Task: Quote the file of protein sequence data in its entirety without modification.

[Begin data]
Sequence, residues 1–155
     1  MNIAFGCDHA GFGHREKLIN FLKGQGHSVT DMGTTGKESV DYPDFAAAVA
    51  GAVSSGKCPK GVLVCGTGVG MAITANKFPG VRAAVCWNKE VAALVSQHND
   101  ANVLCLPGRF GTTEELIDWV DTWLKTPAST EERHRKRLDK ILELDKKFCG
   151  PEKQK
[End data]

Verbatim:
Sequence, residues 1–155
     1  MNIAFGCDHA GFGHREKLIN FLKGQGHSVT DMGTTGKESV DYPDFAAAVA
    51  GAVSSGKCPK GVLVCGTGVG MAITANKFPG VRAAVCWNKE VAALVSQHND
   101  ANVLCLPGRF GTTEELIDWV DTWLKTPAST EERHRKRLDK ILELDKKFCG
   151  PEKQK